Dukes v. Commissioner of Social Security

Filing 17

OPINION; Judgment to issue; signed by Judge Janet T. Neff (Judge Janet T. Neff, clb)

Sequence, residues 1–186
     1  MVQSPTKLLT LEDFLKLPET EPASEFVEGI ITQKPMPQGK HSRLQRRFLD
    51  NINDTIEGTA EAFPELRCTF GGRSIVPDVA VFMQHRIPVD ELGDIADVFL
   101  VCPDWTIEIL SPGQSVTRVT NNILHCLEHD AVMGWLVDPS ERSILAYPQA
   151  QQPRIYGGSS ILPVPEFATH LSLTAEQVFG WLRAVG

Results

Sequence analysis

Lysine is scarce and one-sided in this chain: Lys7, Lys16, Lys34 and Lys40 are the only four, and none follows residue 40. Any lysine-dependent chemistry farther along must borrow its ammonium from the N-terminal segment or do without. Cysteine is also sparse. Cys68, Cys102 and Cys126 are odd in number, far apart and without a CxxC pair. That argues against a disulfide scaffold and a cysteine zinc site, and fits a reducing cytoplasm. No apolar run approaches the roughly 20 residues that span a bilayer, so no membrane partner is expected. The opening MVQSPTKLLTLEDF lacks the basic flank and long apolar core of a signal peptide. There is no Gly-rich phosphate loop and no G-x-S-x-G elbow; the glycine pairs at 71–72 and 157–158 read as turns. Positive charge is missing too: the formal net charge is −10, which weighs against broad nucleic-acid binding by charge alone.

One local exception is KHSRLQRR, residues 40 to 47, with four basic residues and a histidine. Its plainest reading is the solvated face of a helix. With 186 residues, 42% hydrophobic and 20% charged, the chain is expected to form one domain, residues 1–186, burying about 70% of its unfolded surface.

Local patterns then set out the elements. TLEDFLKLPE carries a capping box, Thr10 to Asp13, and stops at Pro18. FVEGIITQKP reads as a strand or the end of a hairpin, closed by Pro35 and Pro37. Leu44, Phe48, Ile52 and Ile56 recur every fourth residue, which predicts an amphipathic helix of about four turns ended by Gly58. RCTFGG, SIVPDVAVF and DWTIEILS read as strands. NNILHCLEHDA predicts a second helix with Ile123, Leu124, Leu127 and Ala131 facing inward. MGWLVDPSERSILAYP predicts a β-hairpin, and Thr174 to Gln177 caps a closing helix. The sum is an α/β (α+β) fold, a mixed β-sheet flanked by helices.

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UNITED STATES DISTRICT COURT FOR THE WESTERN DISTRICT OF MICHIGAN SOUTHERN DIVISION RANDY M. DUKES, Plaintiff, Case No. 1:16-CV-872 v. HON. JANET T. NEFF COMMISSIONER OF SOCIAL SECURITY, Defendant, / OPINION This is a social security action brought under 42 U.S.C. § 405(g) seeking judicial review of a final decision by the Commissioner of the Social Security Administration (Commissioner). Plaintiff seeks review of the Commissioner’s decision denying his claim for disability insurance benefits (DIB) under Title II of the Social Security Act. Section 405(g) limits the Court to a review of the administrative record, and provides that if the Commissioner’s decision is supported by substantial evidence, it shall be conclusive. STANDARD OF REVIEW The scope of judicial review in a social security case is limited to determining whether the Commissioner applied the proper legal standards in making her decision and whether there exists in the record substantial evidence supporting that decision. See Brainard v. Sec’y of Health & Human Servs., 889 F.2d 679, 681 (6th Cir. 1989). The Court may not conduct a de novo review of the case, resolve evidentiary conflicts, or decide questions of credibility. See Garner v. Heckler, 745 F.2d 383, 387 (6th Cir. 1984). It is the Commissioner who is charged with finding the facts relevant to an application for disability benefits, and her findings are conclusive provided they are supported by substantial evidence. See 42 U.S.C. § 405(g). Substantial evidence is more than a scintilla, but less than a preponderance. See Cohen v. Sec’y of Health & Human Servs., 964 F.2d 524, 528 (6th Cir. 1992) (citations omitted). It is such relevant evidence as a reasonable mind might accept as adequate to support a conclusion. See Richardson v. Perales, 402 U.S. 389, 401 (1971); Bogle v. Sullivan, 998 F.2d 342, 347 (6th Cir. 1993). In determining the substantiality of the evidence, the Court must consider the evidence on the record as a whole and take into account whatever in the record fairly detracts from its weight. See Richardson v. Sec’y of Health & Human Servs., 735 F.2d 962, 963 (6th Cir. 1984). The substantial evidence standard presupposes the existence of a zone within which the decision maker can properly rule either way, without judicial interference. See Mullen v. Bowen, 800 F.2d 535, 545 (6th Cir. 1986) (citation omitted). This standard affords to the administrative decision maker considerable latitude, and indicates that a decision supported by substantial evidence will not be reversed simply because the evidence would have supported a contrary decision. See Bogle, 998 F.2d at 347; Mullen, 800 F.2d at 545. PROCEDURAL POSTURE This is the second time Plaintiff’s application has reached this level of review. Plaintiff’s DIB application was previously considered by Magistrate Judge Hugh Brenneman, Jr. In a decision dated September 22, 2014, Judge Brenneman summarized the procedural history of this case to that point as follows: Plaintiff was born on June 3, 1966. He alleged a disability onset date of February 15, 2009. Plaintiff had four or more years of college, and had special job training at a police academy and at truck driving school. He had previous employment as a police officer, public 2 school security officer and truck driver. Plaintiff identified his disabling conditions as post-traumatic stress disorder (PTSD), depression, left knee acl repair, bone spurs, meniscus damage and left hip strain. The administrative law judge (ALJ) reviewed plaintiff’s claim de novo and entered a written decision denying benefits on October 1, 2011. This decision, which was later approved by the Appeals Council, has become the final decision of the Commissioner and is now before the Court for review. Dukes v. Comm’r of Soc. Sec., No. 1:13-cv-623 (W.D. Mich Sept. 22, 2014) (ECF No. 19, PageID.962) (internal citations and footnotes omitted). Upon review, Judge Brenneman concluded that the ALJ’s decision was not supported by substantial evidence. Specifically, Judge Brenneman observed that the ALJ appeared to have used boilerplate language to discount the treating source opinions by Dr. Hakima Aqel, M.D., and further found the ALJ had failed to provide good reasons for assigning the opinions less than controlling weight. Judge Breneman further noted that it was unclear whether the ALJ had considered an opinion from Dr. Darryl P. Plunkett, Ph.D, as one from a treating source or as one from merely an examining source. Accordingly, the judge reversed and remanded the decision of the Commissioner in order to “(1) determine whether Dr. Plunkett’s opinion is that of a treater or an examiner, and then evaluate the opinion accordingly, and (2) reevaluate Dr. Aqel’s mental and physical RFC assessments.” Id. at PageID.971. On December 5, 2014, pursuant to Judge Brenneman’s decision, the Appeals Council remanded the case to the ALJ. (PageID.1132–1133.) On March 19, 2015, Plaintiff appeared with his counsel before ALJ Donna Grit for an administrative hearing at which time both Plaintiff and a vocational expert testified. (PageID.991–1021.) Following the hearing, the ALJ issued an unfavorable written decision, dated July 17, 2015, concluding that Plaintiff was not disabled. (PageID.936–988.) On May 9, 2016, the Appeals Council declined to review the ALJ’s decision, making it the Commissioner’s final decision in the matter. (PageID.918–925.) 3 Plaintiff’s insured status expired on March 31, 2015. (PageID.940.) To be eligible for DIB under Title II of the Social Security Act, Plaintiff must establish that he became disabled prior to the expiration of his insured status. See 42 U.S.C. § 423; Moon v. Sullivan, 923 F.2d 1175, 1182 (6th Cir. 1990). ALJ’S DECISION The social security regulations articulate a five-step sequential process for evaluating disability. See 20 C.F.R. § 404.1520(a-f).1 If the Commissioner can make a dispositive finding at any point in the review, no further finding is required. See 20 C.F.R. § 404.1520(a). The regulations also provide that if a claimant suffers from a nonexertional impairment as well as an exertional impairment, both are considered in determining the claimant’s residual functional capacity (RFC). See 20 C.F.R. § 404.1545. Plaintiff has the burden of proving the existence and severity of limitations caused by his impairments and that he is precluded from performing past relevant work through step four. Jones v. Comm’r of Soc. Sec., 336 F.3d 469, 474 (6th Cir. 2003). At step five, it is the 1 1. An individual who is working and engaging in substantial gainful activity will not be found to be “disabled” regardless of medical findings (20 C.F.R. § 404.1520(b)); 2. An individual who does not have a “severe impairment” will not be found “disabled” (20 C.F.R. § 404.1520(c)); 3. If an individual is not working and is suffering from a severe impairment which meets the duration requirement and which “meets or equals” a listed impairment in Appendix 1 of Subpart P of Regulations No. 4, a finding of “disabled” will be made without consideration of vocational factors (20 C.F.R. § 404.1520(d)); 4. If an individual is capable of performing work he or she has done in the past, a finding of “not disabled” must be made (20 C.F.R. § 404.1520(e)); 5. If an individual’s impairment is so severe as to preclude the performance of past work, other factors including age, education, past work experience, and residual functional capacity must be considered to determine if other work can be performed. (20 C.F.R. § 404.1520(f)). 4 Commissioner’s burden “to identify a significant number of jobs in the economy that accommodate the claimant’s residual functional capacity (determined at step four) and vocational profile.” Id. ALJ Grit determined that Plaintiff’s claim failed at the fifth step of the evaluation. At step one, the ALJ found that Plaintiff did not engage in substantial gainful activity during the period from his alleged disability onset date of February 15, 2009, through his date last insured of March 31, 2015. (PageID.942.) At step two, the ALJ determined Plaintiff had the severe impairments of: (1) left knee pain status-post surgical repair; (2) degenerative changes of the right shoulder; (3) a right heel spur; (4) obesity; (5) post-traumatic stress disorder (PTSD); (6) depression; (7) and a history of substance abuse. (PageID.942.) At the third step, the ALJ found that Plaintiff did not have an impairment or combination of impairments that met or equaled the requirements of the Listing of Impairments. (PageID.944–948.) At the fourth step, the ALJ determined Plaintiff retained the RFC based on all the impairments through his date last insured: to perform light work as defined in 20 CFR 404.1567(b) such that he is able to lift and carry twenty pounds occasionally and ten pounds frequently. He is able to push and/or pull up to ten pounds occasionally. He is able to stand and/or walk two hours in an eighthour workday and sit for up to six hours of an eight-hour workday with normal breaks. He requires the option to alternate between sitting and standing at will. He may occasionally climb ramps and stairs, but never ladders, ropes, or scaffolds. He may occasionally stoop, kneel, crouch, and crawl. He must avoid unprotected heights and dangerous machinery as well as walking on uneven surfaces. He must not perform overhead work[.] He is limited to simple, routine, repetitive tasks involving simple work related decisions with few, if any, workplace changes. He may have occasional interaction with coworkers and supervision, [sic] but must not have public interaction. (PageID.948–949.) Continuing with the fourth step, the ALJ found that Plaintiff was unable to perform any of his past relevant work. (PageID.977–978.) At the fifth step, the ALJ questioned the VE to determine whether a significant number of jobs exist in the economy that Plaintiff could 5 perform given his limitations. See Richardson, 735 F.2d at 964. The VE testified that Plaintiff could perform other work as an assembler of small products (55,000 national positions) and as a garment sorter (52,000 national positions). (PageID.1017–1020.) Based on this record, the ALJ found that Plaintiff was capable of making a successful adjustment to work that exists in significant numbers in the national economy. (PageID.979.) Accordingly, the ALJ concluded that Plaintiff was not disabled from February 15, 2009, the alleged disability onset date, through March 31, 2015, the date last insured. (PageID.979.) DISCUSSION 1. The ALJ’s Discussion of the Medical Opinions Satisfies the Treating Physician Rule. As noted above, Magistrate Judge Brenneman remanded the prior decision by the Commissioner for failure to follow the treating physician rule. On remand, the ALJ specifically stated she had reevaluated the treating physicians and provided a lengthy discussion of their opinions. Nevertheless, Plaintiff contends the ALJ has again violated the treating physician rule. For reasons set out below, the Court disagrees. By way of background, the treating physician doctrine recognizes that medical professionals who have a long history of caring for a claimant and his maladies generally possess significant insight into his medical condition. See Barker v. Shalala, 40 F.3d 789, 794 (6th Cir. 1994). An ALJ must, therefore, give controlling weight to the opinion of a treating source if: (1) the opinion is “well-supported by medically acceptable clinical and laboratory diagnostic techniques” and (2) the opinion “is not inconsistent with the other substantial evidence in the case record.” Gayheart v. Comm’r of Soc. Sec., 710 F.3d 365, 375–76 (6th Cir. 2013) (quoting 20 C.F.R. § 404.1527). 6 Such deference is appropriate, however, only where the particular opinion “is based upon sufficient medical data.” Miller v. Sec’y of Health & Human Servs., 1991 WL 229979, at *2 (6th Cir., Nov. 7, 1991) (citing Shavers v. Sec’y of Health & Human Servs., 839 F.2d 232, 235 n.1 (6th Cir. 1987)). The ALJ may reject the opinion of a treating physician where such is unsupported by the medical record, merely states a conclusion, or is contradicted by substantial medical evidence. See Cohen, 964 F.2d at 528; Miller, 1991 WL 229979, at *2 (citing Shavers, 839 F.2d at 235 n.1); Cutlip v. Sec’y of Health & Human Servs., 25 F.3d 284, 286–87 (6th Cir. 1994). If an ALJ accords less than controlling weight to a treating source’s opinion, the ALJ must provide “good reasons” for doing so. Gayheart, 710 F.3d at 376. Such reasons must be “supported by the evidence in the case record, and must be sufficiently specific to make clear to any subsequent reviewers the weight the adjudicator gave to the treating source’s medical opinion and the reasons for that weight.” Id. This requirement “ensures that the ALJ applies the treating physician rule and permits meaningful review of the ALJ’s application of the rule.” Id. (quoting Wilson v. Comm’r of Soc. Sec., 378 F.3d 541, 544 (6th Cir. 2004)). Simply stating that the physician’s opinions “‘are not well-supported by any objective findings’ and are ‘inconsistent with other credible evidence’” is, without more, too “ambiguous” to permit meaningful review of the ALJ’s assessment. Id. at 376–77. The ALJ considered four treating physician opinions. Regarding the first, a June 2010 mental RFC assessment from Dr. Hakima Aqel, the ALJ found that the medical evidence and the record as a whole did not support the assessment. The ALJ specifically referenced Plaintiff’s activities of daily living and a later opinion from Dr. Aqel which noted Plaintiff did not have significant limitations in concentration, persistence or pace. The ALJ also noted that the assessment 7 was internally inconsistent. (PageID.968–969.) Second, the ALJ considered a July 2010 physical RFC assessment from Dr. Aqel and found it was entitled to only partial weight. The ALJ again noted that the opinion was not consistent with the medical evidence of record and was further internally inconsistent, noting for example that the doctor had opined Plaintiff could lift twenty-five pounds frequently but only twenty-pounds occasionally. The ALJ also referenced records noting that Plaintiff had a normal gait and lower extremity strength. (PageID.969–970.) Third, the ALJ considered an updated physical RFC opinion from Dr. Aqel dated July 2013 and gave it only partial weight. The ALJ discussed records demonstrating Plaintiff had intact strength and gait, and further evaluated the opinion against Plaintiff’s activities of daily living. (PageID.970–971.) Finally, the ALJ considered the June 2010 mental RFC assessment from Dr. Plunkett and assigned it no weight. (PageID.976–977.) Finding that the doctor was qualified as a treating physician, the ALJ declined to assign it controlling weight because the opinion was internally inconsistent with the doctor’s own treatment notes, and the record as a whole, including Plaintiff’s daily activities, did not support the opinion. Despite asserting that the ALJ failed to provide good reasons for assigning less than controlling weight to these opinions, Plaintiff fails to address any of the reasons provided by the ALJ, much less show they are not good reasons or how they are unsupported by substantial evidence. Plaintiff complains that it would be impossible to fully discuss the opinions given the page limits that are regularly imposed in Social Security cases. (PageID.1954.) The Court notes that Plaintiff’s brief includes a lengthy recitation of the facts, many of which are unrelated to the specific claims he raises. Moreover, the brief contains at least one-half page of empty space. 8 (PageID.1953.) Finally, Plaintiff could have sought, but did not seek, permission for an increase in page limits in this case. The only specific issue that Plaintiff raises with regard to the medical opinions is the fact that the Commissioner often discounts opinions because they are checkmark opinions with no accompanying explanation. But the ALJ in this case did not discount the treating physician opinions because they were made on checkmark forms. Plaintiff then attacks the Social Security Administration’s general methods for evaluating medical opinions. He notes that “[i]n the current logic of the Social Security Administration, any visit for treatment in which a person is not openly psychotic, violent, or suicidal, or, in the physical realm, not bleeding to death or demonstrating massive physical dysfunction, apparently is enough to discredit the opinions of long-time treating physicians.” (PageID.1956.) This baseless assertion does nothing to advance the claim asserted. Nonetheless, the Court has thoroughly examined the record and finds that the ALJ’s reasoning is sound and supported by substantial evidence. The thrust of Plaintiff’s argument is that the ALJ gave too much weight to the nonexamining agency physicians. Plaintiff’s argument is fairly muddled. Plaintiff references Gayheart v. Comm’r of Soc. Sec. and notes the court’s statement in that case that “opinions from nontreating and nonexamining sources are never assessed for ‘controlling weight.’ The Commissioner instead weighs these opinions based on the examining relationship (or lack thereof), specialization, consistency, and supportability, but only if a treating-source opinion is not deemed controlling. 20 C.F.R. § 404.1527(c). Other factors ‘which tend to support or contradict the opinion’ may be considered in assessing any type of medical opinion. Id. § 404.1527(c)(6).” Gayheart, 710 F.3d at 376. Plaintiff then asserts that “[w]hile the ALJ assigned ‘considerable’ and not ‘controlling’ 9 weight to the non-examining psychologists, that semantic difference does not obscure the fact that her Decision rests almost solely upon their opinions as opposed to the multiple opinions described above on the first two pages of the Argument. Thus the good reasons required by 20 C.F.R. Section 404.1527(d)(2)(2004) to bypass the opinion of a treating physician simply are not present here.” (PageID.1957.) In essence, Plaintiff claims the ALJ could not assign greater weight to the opinions of the non-examining agency consultants than to the opinions of his treating and examining sources without violating the treating physician rule. Plaintiff is mistaken. It is true that, as a general matter, the Commissioner will give “more weight to medical opinions from [a claimant’s] treating sources, since these sources are likely to be the medical professionals most able to provide a detailed, longitudinal picture of [a claimant’s] medical impairment(s) and may bring a unique perspective to the medical evidence that cannot be obtained from the objective medical findings alone or from reports of individual examinations, such as consultative examinations or brief hospitalizations.” 20 C.F.R. § 404.1527(c)(2). But this is by no means as rigid a rule as Plaintiff would apparently prefer. To the contrary, an ALJ may rely on the opinions of the state agency physicians who reviewed a plaintiff’s file. See 20 C.F.R. § 404.1527(e)(2)(I). “Social Security regulations recognize that opinions from non-examining state agency consultants may be entitled to significant weight, because these individuals are ‘highly qualified’ and are ‘experts in Social Security disability evaluation.’” Cobb v. Comm’r of Soc. Sec., No. 1:12–cv–2219, 2013 WL 5467172, at *5 (N.D. Ohio Sept. 30, 2013) (quoting 20 C.F.R. §§ 404.1527(e)(2)(I), 416.927(e)(2)(I)); see Barker v. Shalala, 40 F.3d 789, 794 (6th Cir. 1994). Indeed, “in appropriate circumstances, opinions from State agency medical and psychological consultants . . . may be entitled to greater weight than the opinions of 10 treating or examining sources.” Brooks v. Comm’r of Soc. Sec., 531 F. App’x 636, 642 (6th Cir. 2013). The ALJ is responsible for weighing conflicting medical opinions. See Buxton v. Halter, 246 F.3d 762, 775 (6th Cir. 2001); see also Reynolds v. Comm’r of Soc. Sec., 424 F. App’x 411, 414 (6th Cir. 2011) (“This court reviews the entire administrative record, but does not reconsider facts, re-weigh the evidence, resolve conflicts in evidence, decide questions of credibility, or substitute its judgment for that of the ALJ.”). Where a treating physician’s opinion is not supported by objective medical facts, a non-examining physician’s opinion may be accepted over it “when the non-examining physician clearly states the reasons for his differing opinion.” Carter v. Comm’r of Soc. Sec., 36 F. App’x 190, 191 (6th Cir. 2002). Here, it is patent the ALJ understood the agency consultants had not examined Plaintiff, but nonetheless noted that the opinions were consistent with the record and was based upon the consultants’ detailed knowledge of agency regulations. (PageID.967–968.) Accordingly, the ALJ found they were entitled to considerable weight. This is not, as Plaintiff’s argues, merely semantics. Rather it was entirely consistent with Gayheart as well as the administration’s regulations regarding medical source opinions. In sum, the ALJ provided several good reasons for assigning less than controlling weight to Plaintiff’s treating physicians—a determination Plaintiff has not meaningfully challenged. Once the ALJ made this determination, she did not err by determining that greater weight should be given to the opinions from non-examining sources. The ALJ determined that the treating physician opinions were inconsistent with the record while the agency opinions were consistent with the record. This was an entirely appropriate determination. Accordingly, this claim of error is denied. 11 2. The ALJ Did Not Err in Considering Plaintiff’s Receipt of Unemployment Benefits After His Alleged Disability Onset Date in Discounting Plaintiff’s Subjective Allegations. At the administrative hearing, Plaintiff testified that he was impaired to an extent far greater than as ultimately recognized by the ALJ. After summarizing the testimony, the ALJ found that Plaintiff’s allegations were “not entirely credible.” (PageID.963.) The ALJ provided a lengthy discussion of her reasons for making this finding, but Plaintiff’s sole argument against the ALJ’s credibility determination concerns the following statement in the ALJ’s decision: The record shows the claimant received unemployment benefits in all quarters of 2009 and the first two quarters of 2010 (7D/2). In order to qualify for such benefits, applicants typically must affirm that they are capable of working. Thus, the claimant apparently claimed an ability to work when applying for another form of government benefits, while currently alleging an inability to work during the same period. (PageID.965.) Plaintiff contends that it was improper for the ALJ to discount his credibility based on his receipt of unemployment benefits. As the Sixth Circuit has long recognized, “pain alone, if the result of a medical impairment, may be severe enough to constitute disability.” King v. Heckler, 742 F.2d 968, 974 (6th Cir. 1984); see also Grecol v. Halter, 46 F. App’x 773, 775 (6th Cir. 2002). As the relevant Social Security regulations make clear, however, a claimant’s “statements about [his] pain or other symptoms will not alone establish that [he is] disabled.” 20 C.F.R. § 404.1529(a); see also Walters v. Comm’r of Soc. Sec., 127 F.3d 525, 531 (6th Cir. 1997) (quoting 20 C.F.R. § 404.1529(a)); Hash v. Comm’r of Soc. Sec., 309 F. App’x 981, 989 (6th Cir. 2009). Instead, a claimant’s assertions of disabling pain and limitation are evaluated under the following standard: First, we examine whether there is objective medical evidence of an underlying medical condition. If there is, we then examine: (1) 12 whether objective medical evidence confirms the severity of the alleged pain arising from the condition; or (2) whether the objectively established medical condition is of such a severity that it can reasonably be expected to produce the alleged disabling pain. Walters, 127 F.3d at 531 (citations omitted). This standard is often referred to as the Duncan standard. See Workman v. Comm’r of Soc. Sec., 105 F. App’x 794, 801 (6th Cir. 2004). Accordingly, “subjective complaints may support a finding of disability only where objective medical evidence confirms the severity of the alleged symptoms.” Id. (citing Blankenship v. Bowen, 874 F.2d 1116, 1123 (6th Cir. 1989)). However, where the objective medical evidence fails to confirm the severity of a claimant’s subjective allegations, the ALJ “has the power and discretion to weigh all of the evidence and to resolve the significant conflicts in the administrative record.” Id. (citing Walters, 127 F.3d at 531). In this respect, it is recognized that the ALJ’s credibility assessment “must be accorded great weight and deference.” Id. (citing Walters, 127 F.3d at 531); see also Heston v. Comm’r of Soc. Sec., 245 F.3d 528, 536 (6th Cir. 2001) (quoting Myers v. Richardson, 471 F.2d 1265, 1267 (6th Cir. 1972) (“[i]t [i]s for the [Commissioner] and his examiner, as the fact-finders, to pass upon the credibility of the witnesses and weigh and evaluate their testimony”)). It is not for this Court to reevaluate such evidence anew, and so long as the ALJ’s determination is supported by substantial evidence, it must stand. The ALJ found Plaintiff’s subjective allegations to not be fully credible, a finding that should not be lightly disregarded. See Varley v. Sec’y of Health & Human Servs., 820 F.2d 777, 780 (6th Cir. 1987). In fact, as the Sixth Circuit has stated, “[w]e have held that an administrative law judge’s credibility findings are virtually unchallengeable.” Ritchie v. Comm’r of Soc. Sec., 540 F. App’x 508, 511 (6th Cir. 2013) (citation omitted). 13 This district, as well as the Sixth Circuit, has recognized the apparent contradiction between a claimant seeking disability benefits while simultaneously receiving unemployment compensation. See, e.g., Workman, 105 F. App’x 794, 801–02 (6th Cir. 2000); see also Loyacano v. Comm’r of Soc. Sec., No. 1: 13–cv–144, 2014 WL 1660072, at * 5 (W.D. Mich. Apr. 25, 2014) (collecting cases); Smith v. Comm’r of Soc. Sec., No. 1:12–cv–904, 2014 WL 197846, at * 16 (S.D. Ohio Jan. 15, 2014); Barton v. Astrue, No. 3:11–cv–1239, 2013 WL 6196297, at * 7 (M.D. Tenn. Nov. 27, 2013). Plaintiff first argues that any benefits he was given were received several years ago. But as the ALJ noted, he nonetheless received these benefits during a period in which he claims he was unable to work. The fact that this may have been several years before the ALJ’s decision is immaterial. Plaintiff also argues that the above line of cases no longer applies due to subsequent developments in agency policy. Specifically, Plaintiff points to an August 2010, memorandum from Frank A. Cristaudo, the Chief Administrative Law Judge for the Social Security Administration. That memo instructs ALJs that “the receipt of unemployment benefits does not preclude the receipt of Social Security disability benefits. The receipt of unemployment benefits is only one of many factors that must be considered in determining whether the claimant is disabled.” Webster v. Colvin, 2014 WL 4095341, at *9 (E.D. Tenn., Aug. 19, 2014). As Chief ALJ Cristaudo explained, “because the disability decisionmaking process is uncertain and quite lengthy, a claimant should not be forced to choose between applying for unemployment and disability benefits.” Id. Plaintiff argues that this memo precludes consideration of a claimant’s receipt of unemployment benefits. Here, the ALJ did not base the credibility determination solely on the receipt of unemployment benefits, but noted that other factors, including Plaintiff’s daily activities and medical history, combined with the receipt 14 of unemployment benefits, stood at odds with her disability claim. This was entirely appropriate. Plaintiff’s interpretation of the memo also over-reads the Administration’s policy. As the memo itself states, the receipt of unemployment benefits is a factor that may be considered. As such, the deference generally accorded an ALJ’s credibility determination is appropriate here. Accordingly, this claim of error is denied. 3. The ALJ Properly Evaluated the Other Source Opinion Evidence. In support of his application for disability benefits, Plaintiff submitted a July 18, 2014, letter on letterhead from Trackin Fast, Inc., where Plaintiff apparently worked part time. In the letter Mr. Brian Stewart, whose position at the company is not evident, wrote “My name is Brian Stewart. Randy Dukes is a part-time on call employee. He has limitations due to his service connected disability. The increases in hours were due to training. He will average 6 to 10 hours per week.” (PageID.1372.) Plaintiff also submitted an August 2, 2013, function report that was completed by Plaintiff’s mother which generally provided limitations in excess of those accounted for by the ALJ. (PageID.1345–1352.) The ALJ gave little weight to the assessment from Mr. Stewart. She noted that Mr. Stewart was not an acceptable source, that it was unclear what role Mr. Stewart had in the organization, and that the opinion was vague and was not stated in function by function terms. The ALJ further noted that the letter was not consistent with the weight of the medical evidence and Plaintiff’s activities of daily living. (PageID.974.) Regarding the function report from Plaintiff’s mother, the ALJ also noted that she was not an acceptable source. To the extent that Plaintiff’s mother stated that Plaintiff’s limitations exceeded those accounted for in the RFC, the ALJ noted that the opinion was not consistent with the weight of the medical evidence and 15 the record as a whole, including objective examination findings, diagnostic imaging studies, the longitudinal treatment record, and the weight of the medical opinion evidence. (PageID.973–974.) Neither Mr. Stewart’s letter nor the function report from Plaintiff’s mother is evidence from an acceptable medical source. 20 C.F.R. § 404.1513(a). Only “acceptable medical sources” can: (1) provide evidence establishing the existence of a medically determinable impairment; (2) provide a medical opinion; and (3) be considered a treating source whose medical opinion could be entitled to controlling weight under the treating physician rule. See SSR 06–3p, 2006 WL 2329939 at * 1 (SSA Aug. 9, 2006)); see also Hickox v. Comm’r of Soc. Sec., No. 1:09–cv–343, 2011 WL 6000829, at * 4 (W.D. Mich. Nov.30, 2011). Family members, friends, social workers, therapists, and physician’s assistants are classified as “other sources” 20 C.F.R. § 404.1513(d). The opinions of “other sources” are not entitled to controlling weight and there is no requirement that the ALJ provide “good reasons” for rejecting such opinions. See Smith v. Comm’r of Soc. Sec., 482 F.3d 873, 876 (6th Cir. 2007); see also Engebrecht v. Comm’r of Soc. Sec., 572 F. App'x 392, 398 (6th Cir. 2014); Borden v. Comm’r of Soc. Sec., No. 1:13 cv 2211, 2014 WL 7335176, at *9 (N.D. Ohio Dec.19, 2014); Hibbard v. Comm’r of Soc. Sec., 1:12–cv–1216, 2014 WL 1276518, at *6 (W.D. Mich. Mar. 27, 2014). The ALJ is required to “consider” evidence from such sources. 20 C.F.R. § 404.1527(f). Plaintiff contends the ALJ imposed “ridiculous requirements” on the other source opinion evidence and further states that “unless a plaintiff is born into a family of physicians, the observations of family members receives no credit from this ALJ.” (PageID.1959.) Here, Plaintiff continues a pattern of failing to point to specific errors made by the ALJ in this case, and denigrating arguments do nothing to advance Plaintiff’s claim. The ALJ found that both other source opinions 16 were inconsistent with the evidence of record, Plaintiff does not even attempt to argue that this determination was unsupported by substantial evidence. “The burden of proof of showing a decision is not supported by substantial evidence rests with the party seeking to overturn the decision of the agency.” Century Cellunet of S. Michigan, Inc. v. City of Ferrysburg, 993 F. Supp. 1072, 1077 (W.D. Mich. 1997) (citing Barwacz v. Michigan Dep’t of Educ., 674 F. Supp. 1296, 1302 (W.D. Mich.1987)). Nonetheless, the Court has examined that ALJ’s discussion of these two opinions and compared such against the objective record. The ALJ’s discussion is supported by overwhelming evidence and easily survives scrutiny when compared to the requirements for considering other source opinions. This claim of error is denied. CONCLUSION For the reasons articulated herein, the undersigned concludes that the ALJ’s decision is AFFIRMED. A separate judgment shall issue. Dated: June 8, 2017 /s/ Janet T. Neff JANET T. NEFF UNITED STATES DISTRICT JUDGE 17